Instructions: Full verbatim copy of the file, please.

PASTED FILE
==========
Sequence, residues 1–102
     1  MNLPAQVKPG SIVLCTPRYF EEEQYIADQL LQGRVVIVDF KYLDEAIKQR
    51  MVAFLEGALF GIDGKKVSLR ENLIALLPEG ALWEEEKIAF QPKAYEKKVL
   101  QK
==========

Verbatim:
Sequence, residues 1–102
     1  MNLPAQVKPG SIVLCTPRYF EEEQYIADQL LQGRVVIVDF KYLDEAIKQR
    51  MVAFLEGALF GIDGKKVSLR ENLIALLPEG ALWEEEKIAF QPKAYEKKVL
   101  QK